ABSTRACT

BACKGROUND: Internationally, diabetes mellitus is recognised as a risk factor for severe COVID-19. The relationship between diabetes mellitus and severe COVID-19 has not been reported in the Australian population. OBJECTIVE: The objective of this study was to determine the prevalence of and outcomes for patients with diabetes admitted to Australian intensive care units (ICUs) with COVID-19. METHODS: This is a nested cohort study of four ICUs in Melbourne participating in the Short Period Incidence Study of Severe Acute Respiratory Infection (SPRINT-SARI) Australia project. All adult patients admitted to the ICU with COVID-19 from 20 February 2020 to 27 February 2021 were included. Blood glucose and glycated haemoglobin (HbA1c) data were retrospectively collected. Diabetes was diagnosed from medical history or an HbA1c ≥6.5% (48 mmol/mol). Hospital mortality was assessed using logistic regression. RESULTS: There were 136 patients with median age 58 years [48-68] and median Acute Physiology and Chronic Health Evaluation II (APACHE II) score of 14 [11-19]. Fifty-eight patients had diabetes (43%), 46 patients had stress-induced hyperglycaemia (34%), and 32 patients had normoglycaemia (23%). Patients with diabetes were older, were with higher APACHE II scores, had greater glycaemic variability than patients with normoglycaemia, and had longer hospital length of stay. Overall hospital mortality was 16% (22/136), including nine patients with diabetes, nine patients with stress-induced hyperglycaemia, and two patients with normoglycaemia. CONCLUSION: Diabetes is prevalent in patients admitted to Australian ICUs with severe COVID-19, highlighting the need for prevention strategies in this vulnerable population.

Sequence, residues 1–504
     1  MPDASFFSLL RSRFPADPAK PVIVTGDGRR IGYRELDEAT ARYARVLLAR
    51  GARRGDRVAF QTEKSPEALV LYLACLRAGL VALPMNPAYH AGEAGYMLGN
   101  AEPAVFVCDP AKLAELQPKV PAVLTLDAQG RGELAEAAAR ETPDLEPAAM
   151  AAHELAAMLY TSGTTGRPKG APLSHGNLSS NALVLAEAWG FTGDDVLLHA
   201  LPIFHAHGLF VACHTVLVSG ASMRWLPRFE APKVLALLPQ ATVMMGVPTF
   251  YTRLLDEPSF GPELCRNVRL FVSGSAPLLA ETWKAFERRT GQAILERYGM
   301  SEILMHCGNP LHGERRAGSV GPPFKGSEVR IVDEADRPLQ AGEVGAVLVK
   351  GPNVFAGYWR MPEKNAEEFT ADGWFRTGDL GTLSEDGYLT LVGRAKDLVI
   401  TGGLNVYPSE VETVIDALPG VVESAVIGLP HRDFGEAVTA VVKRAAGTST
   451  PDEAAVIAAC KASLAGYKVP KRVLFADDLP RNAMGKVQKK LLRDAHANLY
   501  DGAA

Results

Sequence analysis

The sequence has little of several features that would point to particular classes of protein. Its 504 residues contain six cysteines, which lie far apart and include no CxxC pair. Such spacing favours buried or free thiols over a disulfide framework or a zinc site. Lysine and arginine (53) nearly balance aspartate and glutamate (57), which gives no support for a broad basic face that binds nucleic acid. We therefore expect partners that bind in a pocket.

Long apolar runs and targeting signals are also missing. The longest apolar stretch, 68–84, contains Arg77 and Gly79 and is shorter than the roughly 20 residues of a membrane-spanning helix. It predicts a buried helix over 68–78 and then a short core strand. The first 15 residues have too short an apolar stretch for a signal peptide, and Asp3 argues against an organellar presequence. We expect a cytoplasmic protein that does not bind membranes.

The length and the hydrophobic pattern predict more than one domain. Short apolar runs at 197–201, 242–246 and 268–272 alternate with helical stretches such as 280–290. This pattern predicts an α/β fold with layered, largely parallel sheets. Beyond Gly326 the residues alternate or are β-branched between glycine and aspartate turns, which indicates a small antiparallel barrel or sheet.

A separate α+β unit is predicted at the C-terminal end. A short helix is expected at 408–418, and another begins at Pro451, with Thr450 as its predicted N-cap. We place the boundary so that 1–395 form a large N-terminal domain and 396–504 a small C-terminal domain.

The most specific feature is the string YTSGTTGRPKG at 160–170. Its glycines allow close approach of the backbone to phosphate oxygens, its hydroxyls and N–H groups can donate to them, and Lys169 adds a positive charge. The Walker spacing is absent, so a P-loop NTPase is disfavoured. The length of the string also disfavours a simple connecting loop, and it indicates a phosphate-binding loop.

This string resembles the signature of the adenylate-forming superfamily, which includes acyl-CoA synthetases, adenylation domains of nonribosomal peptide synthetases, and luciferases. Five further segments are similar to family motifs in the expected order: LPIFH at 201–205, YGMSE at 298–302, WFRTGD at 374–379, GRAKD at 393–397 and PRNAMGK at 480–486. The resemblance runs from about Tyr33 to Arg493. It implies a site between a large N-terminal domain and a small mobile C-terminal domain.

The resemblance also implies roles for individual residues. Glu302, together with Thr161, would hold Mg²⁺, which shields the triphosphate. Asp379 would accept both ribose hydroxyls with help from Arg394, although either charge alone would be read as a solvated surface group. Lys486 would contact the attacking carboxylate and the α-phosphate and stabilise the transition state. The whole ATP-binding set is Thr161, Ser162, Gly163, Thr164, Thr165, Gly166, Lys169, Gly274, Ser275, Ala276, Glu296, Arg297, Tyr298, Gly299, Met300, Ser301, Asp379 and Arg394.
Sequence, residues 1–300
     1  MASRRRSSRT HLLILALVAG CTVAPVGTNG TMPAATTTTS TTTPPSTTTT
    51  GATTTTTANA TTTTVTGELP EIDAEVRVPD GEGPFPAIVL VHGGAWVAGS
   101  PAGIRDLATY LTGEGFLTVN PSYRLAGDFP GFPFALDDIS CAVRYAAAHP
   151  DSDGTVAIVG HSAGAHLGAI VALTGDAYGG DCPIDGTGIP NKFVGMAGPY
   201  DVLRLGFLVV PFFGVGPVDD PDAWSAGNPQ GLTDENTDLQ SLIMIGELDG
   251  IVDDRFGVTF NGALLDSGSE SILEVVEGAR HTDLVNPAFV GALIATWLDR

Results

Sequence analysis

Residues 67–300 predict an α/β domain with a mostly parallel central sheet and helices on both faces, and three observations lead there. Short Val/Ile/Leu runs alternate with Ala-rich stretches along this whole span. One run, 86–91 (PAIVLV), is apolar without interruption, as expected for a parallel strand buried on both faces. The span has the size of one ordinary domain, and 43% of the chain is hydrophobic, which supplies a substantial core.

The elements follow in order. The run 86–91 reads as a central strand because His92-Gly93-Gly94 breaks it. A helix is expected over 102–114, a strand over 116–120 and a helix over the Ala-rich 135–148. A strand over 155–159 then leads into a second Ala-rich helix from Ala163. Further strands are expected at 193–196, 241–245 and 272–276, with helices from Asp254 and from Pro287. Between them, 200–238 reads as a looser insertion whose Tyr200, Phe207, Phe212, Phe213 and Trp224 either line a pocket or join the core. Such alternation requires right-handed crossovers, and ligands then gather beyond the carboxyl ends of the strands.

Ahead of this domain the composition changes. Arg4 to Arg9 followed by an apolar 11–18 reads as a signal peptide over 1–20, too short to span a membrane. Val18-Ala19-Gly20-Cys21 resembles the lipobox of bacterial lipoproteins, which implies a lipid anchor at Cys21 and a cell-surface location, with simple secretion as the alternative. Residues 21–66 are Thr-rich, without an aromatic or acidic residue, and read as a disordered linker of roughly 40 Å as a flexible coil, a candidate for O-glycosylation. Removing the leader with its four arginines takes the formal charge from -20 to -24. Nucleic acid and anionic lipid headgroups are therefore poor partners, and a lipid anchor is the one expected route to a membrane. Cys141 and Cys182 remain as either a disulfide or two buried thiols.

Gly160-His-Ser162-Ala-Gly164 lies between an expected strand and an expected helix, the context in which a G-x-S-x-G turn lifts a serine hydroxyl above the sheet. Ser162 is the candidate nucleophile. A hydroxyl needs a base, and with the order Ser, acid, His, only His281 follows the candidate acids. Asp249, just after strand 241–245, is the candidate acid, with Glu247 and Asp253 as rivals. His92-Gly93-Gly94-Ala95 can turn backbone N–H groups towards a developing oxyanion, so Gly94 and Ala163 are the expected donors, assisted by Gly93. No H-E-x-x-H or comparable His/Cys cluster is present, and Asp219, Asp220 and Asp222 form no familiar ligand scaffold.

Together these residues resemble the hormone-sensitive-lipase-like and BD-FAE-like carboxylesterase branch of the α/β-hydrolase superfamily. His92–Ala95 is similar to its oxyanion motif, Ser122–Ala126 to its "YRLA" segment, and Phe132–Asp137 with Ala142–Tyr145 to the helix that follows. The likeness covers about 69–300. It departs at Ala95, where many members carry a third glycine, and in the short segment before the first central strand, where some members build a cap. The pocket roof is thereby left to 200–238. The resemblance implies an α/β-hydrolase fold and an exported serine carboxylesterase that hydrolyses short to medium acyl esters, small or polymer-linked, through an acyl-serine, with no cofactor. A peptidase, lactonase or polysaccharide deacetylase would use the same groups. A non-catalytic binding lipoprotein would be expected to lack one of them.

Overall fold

3.
BMJ Open ; 12(3): e050153, 2022 03 08.
Article in English | MEDLINE | ID: covidwho-1816761

ABSTRACT